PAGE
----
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Union support on the rise, Gallup finds

August 19th, 2015  |  Pamela Wolf

Despite a labor landscape that increasingly includes efforts to blunt the power of unions, particularly those operating in the public sector, support of unions among the American public is on the rise, largely restored to what it was six years ago. Americans’ approval of labor unions has risen five percentage points to 58 percent over the past year alone and now registers at its highest point since 2008, when the approval rate was 59 percent, according to a Gallup poll. During the interim years, organized labor’s image took a beating, sinking to an all-time low of 48 percent in 2009.

Given the increased union support, it’s not surprising that the percentage of Americans who say they would like unions to have more influence in the country has also been rising—now at 37 percent, up from 25 percent in 2009, according to the 2015 installment of Gallup’s annual Work and Education survey. The poll also showed that the percentage of Americans who want unions to wield less influence has declined from 42 percent to 35 percent, although it remains higher than it was from 1999 through 2008. Fewer Americans today say they want the level of union influence to stay the same.

Demographic differences. The survey revealed some notable demographic differences. For example, as to both the approval of unions and preferred change in influence of unions, union support was higher among women than it was among men. The poll found that 63 percent of women approved of unions, compared with 52 percent of men. Forty-one percent of women wanted unions to have more influence, compared to 33 percent of men.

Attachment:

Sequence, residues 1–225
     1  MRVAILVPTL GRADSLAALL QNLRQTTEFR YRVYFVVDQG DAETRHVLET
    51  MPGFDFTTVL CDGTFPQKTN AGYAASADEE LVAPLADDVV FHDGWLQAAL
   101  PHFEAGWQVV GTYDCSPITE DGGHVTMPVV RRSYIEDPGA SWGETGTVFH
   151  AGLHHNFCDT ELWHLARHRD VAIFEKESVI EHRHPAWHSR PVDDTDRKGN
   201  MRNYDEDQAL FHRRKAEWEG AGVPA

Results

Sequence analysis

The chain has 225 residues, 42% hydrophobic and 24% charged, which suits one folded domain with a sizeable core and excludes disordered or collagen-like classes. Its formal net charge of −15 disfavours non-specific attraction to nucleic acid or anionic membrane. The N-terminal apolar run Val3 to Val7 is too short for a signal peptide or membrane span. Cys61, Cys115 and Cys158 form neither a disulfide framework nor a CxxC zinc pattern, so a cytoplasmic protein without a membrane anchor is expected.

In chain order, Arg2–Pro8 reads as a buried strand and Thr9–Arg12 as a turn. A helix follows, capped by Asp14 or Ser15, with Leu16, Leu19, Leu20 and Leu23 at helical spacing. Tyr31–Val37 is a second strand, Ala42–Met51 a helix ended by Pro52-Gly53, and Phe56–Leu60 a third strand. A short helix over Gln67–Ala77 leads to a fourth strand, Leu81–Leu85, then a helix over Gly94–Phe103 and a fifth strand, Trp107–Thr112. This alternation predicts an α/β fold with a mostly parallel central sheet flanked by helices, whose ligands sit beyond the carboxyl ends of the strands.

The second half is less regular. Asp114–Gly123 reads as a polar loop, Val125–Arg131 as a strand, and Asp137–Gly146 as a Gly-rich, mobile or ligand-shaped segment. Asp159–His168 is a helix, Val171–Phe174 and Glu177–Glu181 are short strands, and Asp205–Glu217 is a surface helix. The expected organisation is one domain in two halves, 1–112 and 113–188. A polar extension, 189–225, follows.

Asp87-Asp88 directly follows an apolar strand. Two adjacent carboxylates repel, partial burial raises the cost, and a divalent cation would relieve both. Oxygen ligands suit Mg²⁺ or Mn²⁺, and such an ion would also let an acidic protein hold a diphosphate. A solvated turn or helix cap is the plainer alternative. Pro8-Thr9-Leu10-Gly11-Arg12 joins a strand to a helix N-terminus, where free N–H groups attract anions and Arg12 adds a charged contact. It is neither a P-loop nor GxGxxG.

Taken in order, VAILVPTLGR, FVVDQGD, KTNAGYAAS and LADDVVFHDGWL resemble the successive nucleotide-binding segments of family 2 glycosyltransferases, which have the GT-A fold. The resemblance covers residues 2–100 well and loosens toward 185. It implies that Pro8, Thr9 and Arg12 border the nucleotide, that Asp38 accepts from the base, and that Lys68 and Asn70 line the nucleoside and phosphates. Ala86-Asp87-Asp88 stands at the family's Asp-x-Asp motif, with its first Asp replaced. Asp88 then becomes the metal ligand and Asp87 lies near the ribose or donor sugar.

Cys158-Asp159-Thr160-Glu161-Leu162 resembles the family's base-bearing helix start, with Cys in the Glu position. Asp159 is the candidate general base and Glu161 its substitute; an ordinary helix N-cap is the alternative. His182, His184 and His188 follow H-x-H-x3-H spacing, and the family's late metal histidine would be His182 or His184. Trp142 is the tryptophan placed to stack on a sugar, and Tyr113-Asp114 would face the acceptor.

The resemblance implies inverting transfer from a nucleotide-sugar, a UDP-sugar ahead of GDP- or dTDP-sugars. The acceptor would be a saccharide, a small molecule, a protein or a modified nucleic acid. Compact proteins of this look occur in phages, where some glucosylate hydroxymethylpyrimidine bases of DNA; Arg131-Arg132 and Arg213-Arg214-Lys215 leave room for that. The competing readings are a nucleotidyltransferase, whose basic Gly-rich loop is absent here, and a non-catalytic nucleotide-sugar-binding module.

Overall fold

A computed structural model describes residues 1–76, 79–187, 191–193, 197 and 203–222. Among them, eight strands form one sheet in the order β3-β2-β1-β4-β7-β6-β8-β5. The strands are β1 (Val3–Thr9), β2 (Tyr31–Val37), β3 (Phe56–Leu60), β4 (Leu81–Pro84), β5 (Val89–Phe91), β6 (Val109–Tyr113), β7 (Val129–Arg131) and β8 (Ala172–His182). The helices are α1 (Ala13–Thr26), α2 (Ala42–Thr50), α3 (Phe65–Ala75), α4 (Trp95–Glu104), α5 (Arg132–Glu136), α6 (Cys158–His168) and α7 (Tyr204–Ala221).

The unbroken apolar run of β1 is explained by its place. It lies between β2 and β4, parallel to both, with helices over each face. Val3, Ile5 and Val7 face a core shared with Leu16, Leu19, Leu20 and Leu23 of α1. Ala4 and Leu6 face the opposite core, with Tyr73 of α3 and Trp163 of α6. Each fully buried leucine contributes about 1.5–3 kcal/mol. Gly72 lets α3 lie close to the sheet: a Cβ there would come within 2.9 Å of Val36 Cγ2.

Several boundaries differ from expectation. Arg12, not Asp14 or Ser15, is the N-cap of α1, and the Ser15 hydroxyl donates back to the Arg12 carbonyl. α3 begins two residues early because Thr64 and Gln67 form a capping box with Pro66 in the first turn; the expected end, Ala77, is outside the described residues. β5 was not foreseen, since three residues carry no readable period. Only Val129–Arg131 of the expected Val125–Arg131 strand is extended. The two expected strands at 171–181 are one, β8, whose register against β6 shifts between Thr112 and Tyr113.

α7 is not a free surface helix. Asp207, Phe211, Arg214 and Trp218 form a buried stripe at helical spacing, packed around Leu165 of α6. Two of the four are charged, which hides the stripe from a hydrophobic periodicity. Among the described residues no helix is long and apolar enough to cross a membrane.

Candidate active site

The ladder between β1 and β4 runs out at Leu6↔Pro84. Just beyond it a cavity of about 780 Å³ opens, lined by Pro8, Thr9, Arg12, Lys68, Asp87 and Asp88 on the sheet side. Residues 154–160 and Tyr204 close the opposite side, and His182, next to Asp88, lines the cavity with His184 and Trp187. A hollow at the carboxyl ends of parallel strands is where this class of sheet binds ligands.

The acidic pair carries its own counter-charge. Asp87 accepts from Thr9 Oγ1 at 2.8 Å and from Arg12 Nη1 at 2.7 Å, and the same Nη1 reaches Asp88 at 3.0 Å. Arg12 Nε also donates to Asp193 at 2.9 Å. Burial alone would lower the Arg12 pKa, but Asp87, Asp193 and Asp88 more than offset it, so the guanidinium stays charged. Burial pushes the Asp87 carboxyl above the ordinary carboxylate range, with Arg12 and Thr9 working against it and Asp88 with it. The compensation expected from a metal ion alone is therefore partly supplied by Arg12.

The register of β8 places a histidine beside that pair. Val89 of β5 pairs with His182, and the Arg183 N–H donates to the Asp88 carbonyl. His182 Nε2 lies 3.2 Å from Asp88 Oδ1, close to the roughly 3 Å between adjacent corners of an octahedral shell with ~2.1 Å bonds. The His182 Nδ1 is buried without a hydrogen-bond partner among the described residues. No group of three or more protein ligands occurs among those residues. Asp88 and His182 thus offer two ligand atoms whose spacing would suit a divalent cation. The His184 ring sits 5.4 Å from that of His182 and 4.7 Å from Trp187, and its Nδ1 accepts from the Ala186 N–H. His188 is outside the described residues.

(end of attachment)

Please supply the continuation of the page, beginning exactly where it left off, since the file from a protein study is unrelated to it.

Survey data showed that favorable views of unions were significantly higher in the East, Midwest, and West than in the South. In a finding not very surprising to labor landscape observers, the South was the only region where the poll found that less than half of residents approved of unions.

As to political affiliation, the survey probably confirmed what many labor observers already believed. Democrats were the most supportive of unions, with 79 percent approving of unions and 55 percent wanting unions to wield more influence. Although nearly half of Republicans approved of unions, only 18 percent wanted them to have more influence, and 53 percent wanted them to have less. According to the poll, the views of independents fell a bit closer to those of Republicans than Democrats as to both union support and union influence.

Results along the age demographic may be the most encouraging for unions. The survey found that young adults—those aged 18 to 34—are the most supportive of unions among all age groups.